Law 39. Stir Up Waters to Catch Fish

Law 39 of the 48 Laws of Power states that you should “stir up waters to catch fish.” In other words, you should make your enemies angry in order to take advantage of them. This can be done by insulting them, spreading rumors about them, or otherwise provoking them.

The goal is to get them to act impulsively and rashly, without thinking things through. That way, you can take advantage of their emotional state and manipulate them into doing what you want. While this may seem like a dangerous tactic, it can be effective if used sparingly and with care. After all, enemies who are always angry are also enemies who are easy to control.

Law 40. Despise the Free Lunch

Accepting free gifts creates a sense of obligation, and can lead to future favors being expected. Greene suggests that free lunches are often not really free – they come with strings attached. For example, a lunchtime meeting with a potential client may be seen as an opportunity to make a sales pitch. In other words, there is usually an ulterior motive behind free lunches.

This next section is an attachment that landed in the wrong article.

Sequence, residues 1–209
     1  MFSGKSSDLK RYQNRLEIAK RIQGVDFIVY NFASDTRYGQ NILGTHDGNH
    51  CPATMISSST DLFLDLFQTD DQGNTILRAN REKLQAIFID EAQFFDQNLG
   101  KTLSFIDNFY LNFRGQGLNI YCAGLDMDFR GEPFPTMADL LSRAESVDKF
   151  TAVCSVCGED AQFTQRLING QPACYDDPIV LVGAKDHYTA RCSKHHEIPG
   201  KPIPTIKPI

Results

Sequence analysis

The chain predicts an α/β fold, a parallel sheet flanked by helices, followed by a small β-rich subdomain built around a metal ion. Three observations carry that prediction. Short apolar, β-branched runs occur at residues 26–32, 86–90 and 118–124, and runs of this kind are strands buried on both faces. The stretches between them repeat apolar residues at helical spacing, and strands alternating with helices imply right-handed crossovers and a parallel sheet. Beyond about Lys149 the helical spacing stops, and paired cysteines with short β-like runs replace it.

Law 41. Avoid Stepping Into a Great Man’s Shoes

When it comes to climbing the ladder of success, it can be tempting to try and follow in the footsteps of someone who has already made it to the top. But as Robert Greene warns in his book 48 Laws of Power, this can be a dangerous strategy. Not only is it difficult to live up to the standards of a great man, but you also risk being compared unfavorably to him.

It’s better to forge your own path and build your own reputation. If you’re lucky enough to work with a great man, learn from him but don’t try to copy him. By carving out your own niche, you’ll be more likely to achieve lasting success.

Law 42. Strike the Shepherd, and the Sheep Will Scatter

If you want to cause chaos and confusion, target the leader or head of a group. Without a strong leader, the group will fall apart. This law can be used for good or for evil – for example, you could use it to take down a corrupt leader, or you could use it to create chaos in an organization. Either way, it’s a powerful law that can have a big impact.

Law 43. Work on the Hearts and Minds of Others